Feltrim Hill Quarry and Well
(by roadstone retail center) Fingal, Ireland
There once was a historic village named Feltrim at the base of the ancient monumental hill known as Feltrim Hill. Here there was also a sacred spring turned holy well that once held legends and lore of its own. These all no longer exist as half of the hill is gone, quarrying destroying much of its heritage. This was the stomping grounds of King James, the Earl of Desmond, A hill that Samuel Beckett climbed and wrote of its beauty, and St. Werburgh, the Saxon princess who ruled these parts in 689 C.E. It was here that there was a well dedicated to her. A hill of limestone that most likely was a passage grave, it was chiseled away since the 1880s. A historic limekiln still stands. Remnants of the Feltrim windmill exist. But that is all that exists of ancient Feltrim. At the base of the hill once stood a line of 14 beech trees guiding pilgrims to the holy well to attend mass. The quarry grounds are fenced in and access to spots where the well is believed to exist are not available. While the well is believed to have been destroyed, the water source still appears on aerial maps. Another well dedicated to St. Werburgh is located down the road.
One of the more popular families settling Fingal and Feltrim were the Fagans. The Fagans had dwelt atop Feltrim hill. Also here was the chapel of Kinsaly. The Feltrim windmill also sits atop the hill. It was here that the Earl of Desmond, during the reign of Elizabeth, had been permitted to be transferred from Dublin castle so he could get some well-needed country air, in the custody of Christopher Fagan. Because of this kindness, the Earl took advantage of a custodial walk with Christopher to enact his escape to Munster allowing him to begin the infamous rebellion and met his demise being murdered by some of his own followers. The Fagans also housed James the Second during his flight from the Boyne.
In 1947 an archaeological excavation was conducted atop Feltrim Hill uncovering over 500 artifacts including Roman coins, tinned bronze mount (4th century C.E.).
Was built in 1429 and was known as the “Ten Pound Castle” being the residence of the Fagan family. It measured approximately 38 feet in diameter. It was from this castle where Gerald, the Earl of Desmond, in 1574 was permitted to escape while under custody of Christopher Fagan. In 1690, King James fled from the Battle of the Boyne and stayed with Richard Fagan in this castle. During the 1700’s the Fagan family experienced an eclipse and the Castle was demolished by the mid-18th century. The Well still stood.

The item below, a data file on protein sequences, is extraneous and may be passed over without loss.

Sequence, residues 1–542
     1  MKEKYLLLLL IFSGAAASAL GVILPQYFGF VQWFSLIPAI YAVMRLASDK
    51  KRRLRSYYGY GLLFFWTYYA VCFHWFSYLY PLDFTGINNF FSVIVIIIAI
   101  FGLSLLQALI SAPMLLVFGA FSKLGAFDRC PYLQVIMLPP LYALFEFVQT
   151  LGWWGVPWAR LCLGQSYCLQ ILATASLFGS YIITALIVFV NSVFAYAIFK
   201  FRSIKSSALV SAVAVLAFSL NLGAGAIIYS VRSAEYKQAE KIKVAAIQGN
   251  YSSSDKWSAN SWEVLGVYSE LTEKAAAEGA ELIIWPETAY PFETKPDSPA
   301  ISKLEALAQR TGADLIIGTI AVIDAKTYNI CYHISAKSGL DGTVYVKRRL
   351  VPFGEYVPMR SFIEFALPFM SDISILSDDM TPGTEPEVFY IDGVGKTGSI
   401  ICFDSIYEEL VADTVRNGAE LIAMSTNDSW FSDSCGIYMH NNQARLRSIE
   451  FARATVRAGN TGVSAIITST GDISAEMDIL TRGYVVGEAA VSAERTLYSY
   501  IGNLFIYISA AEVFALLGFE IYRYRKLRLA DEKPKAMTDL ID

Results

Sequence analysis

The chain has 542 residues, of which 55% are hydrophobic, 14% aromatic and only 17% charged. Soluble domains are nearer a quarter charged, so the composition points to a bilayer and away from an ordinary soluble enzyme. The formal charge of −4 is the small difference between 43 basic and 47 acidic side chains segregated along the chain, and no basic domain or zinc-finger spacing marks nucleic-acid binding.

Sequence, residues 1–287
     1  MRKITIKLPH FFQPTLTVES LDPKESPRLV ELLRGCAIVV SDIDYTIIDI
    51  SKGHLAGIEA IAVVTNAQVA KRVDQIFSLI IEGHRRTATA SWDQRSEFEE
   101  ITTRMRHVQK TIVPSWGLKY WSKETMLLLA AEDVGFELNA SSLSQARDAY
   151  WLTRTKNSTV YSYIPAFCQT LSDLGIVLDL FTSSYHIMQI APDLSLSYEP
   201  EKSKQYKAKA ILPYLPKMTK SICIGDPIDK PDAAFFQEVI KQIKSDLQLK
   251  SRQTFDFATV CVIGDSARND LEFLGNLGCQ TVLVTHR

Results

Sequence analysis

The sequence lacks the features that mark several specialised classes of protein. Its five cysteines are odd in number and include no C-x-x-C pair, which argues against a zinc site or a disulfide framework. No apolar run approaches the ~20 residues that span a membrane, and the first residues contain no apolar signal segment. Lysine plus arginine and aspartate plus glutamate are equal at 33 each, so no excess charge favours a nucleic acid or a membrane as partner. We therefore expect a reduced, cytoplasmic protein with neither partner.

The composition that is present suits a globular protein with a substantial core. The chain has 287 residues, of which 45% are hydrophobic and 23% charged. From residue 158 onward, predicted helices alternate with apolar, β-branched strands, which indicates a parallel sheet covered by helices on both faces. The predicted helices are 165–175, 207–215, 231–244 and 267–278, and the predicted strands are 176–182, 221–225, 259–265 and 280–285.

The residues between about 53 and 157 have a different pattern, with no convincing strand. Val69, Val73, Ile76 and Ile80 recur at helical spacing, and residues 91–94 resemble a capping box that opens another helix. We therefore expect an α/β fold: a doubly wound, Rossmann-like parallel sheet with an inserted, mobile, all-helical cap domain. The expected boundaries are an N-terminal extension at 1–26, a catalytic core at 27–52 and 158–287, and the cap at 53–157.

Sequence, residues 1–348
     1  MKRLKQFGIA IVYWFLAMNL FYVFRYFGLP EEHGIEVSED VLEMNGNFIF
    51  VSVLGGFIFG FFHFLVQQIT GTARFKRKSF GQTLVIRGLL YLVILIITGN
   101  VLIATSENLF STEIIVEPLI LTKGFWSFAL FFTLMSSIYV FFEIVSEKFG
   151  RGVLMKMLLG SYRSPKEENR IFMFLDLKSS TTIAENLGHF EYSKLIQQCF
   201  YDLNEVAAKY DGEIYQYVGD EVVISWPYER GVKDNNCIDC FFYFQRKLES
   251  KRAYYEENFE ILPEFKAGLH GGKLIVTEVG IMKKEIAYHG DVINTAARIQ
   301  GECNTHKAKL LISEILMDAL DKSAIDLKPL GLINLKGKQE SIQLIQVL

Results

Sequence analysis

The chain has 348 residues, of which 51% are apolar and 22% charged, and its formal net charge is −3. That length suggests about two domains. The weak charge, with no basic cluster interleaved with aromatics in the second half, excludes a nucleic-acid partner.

Fagan’s Well and the old Hag
The well is believed to still stand here at Feltrim Hill, and various accounts state it being either in really good preservation or poor preservation. It is not publically accessible and is securely fenced within the private domain of Feltrim Quarry. It can however been seen still active within aerial photographs. Away from the Hill is also the Well of St. Werburgh, Crow’s Castle, and the Hanging Tree where executions took place during Penal times. A good amount of ghost stories and lore surround the well and hanging tree with accounts of ghostly apparitions appearing near them evenings. Stories can be found about the grey ghostly horse that rides to the top of Feltrim Hill, the big black dog with blazing eyes and the old hag carrying her bundle of faggots always in direction of the Holy Well.
Atop Feltrim Hill is still the remains of the picturesque windmill most famous piece of history in the area. This tower windmill was built in 1668 by Dutch craftsmen with the finest of bricks from Holland. It was originally a woolen mill, transforming to a corn mill in the 1700’s. Around 1800 it was used as a semaphore mill transmitting messages from Dublin to the next hill tower all the way to Belfast. By 1839 the sails of the windmill blew off. In 1973 the Mill stood next to the windmill as a local landmark until it was torn down that same year on October 23 and demolished. It was one of the most upsetting historic tragedies in Fingal’s history. All that remains is part of its interior.
- D’Alton, John unknown “The History of the Drogheda: With Its Environs, and an Introductory Memoir of the Dublin and Drogheda Railway”
- Feltrim & Kinsealy Historical Society undated History Community Organization Facebook page.
- Fitzsimons, Fiona 2014 “The Irish Family History of Princess Charlene of Monaco” – Irish Lives Remembered Geneology Magazine, Nov/Dec 2014.
- GSI Ireland 2011 “Feltrim Quarry”. Website referenced 12/23/15 at https://www.gsi.ie/NR/rdonlyres/F0B39F8F-46BB-4E64-8C2C-5E3F313335D7/0/DF005_Feltrim_Quarry.pdf
- Greater Dublin 2011 Greater Dublin Drainage Geological Constraints, Figure 4. Website referenced 12/23/15 at http://www.greaterdublindrainage.com/wp-content/uploads/2011/10/Figure4_4_GeologicalConstraints.pdf
- Independent undated “Feltrim Hill A Place of Peace and Intrique and Great Tradition”. Website referenced 12/23/15 at http://www.independent.ie/regionals/fingalindependent/news/feltrim-hill-a-place-of-peace-intrigue-and-great-tradition-27769581.html
- Malahide Historical Society 2015 “Illustrated Guide to Historical Malahide – Part II”. 31 Aug 2015.
- Murphy, Hubert 2005 “Feltrim Hill – A Place of Peace, Intrigue, and Great Tradition” – Independent.ie. Independent House, Dublin 07 Jan 2005.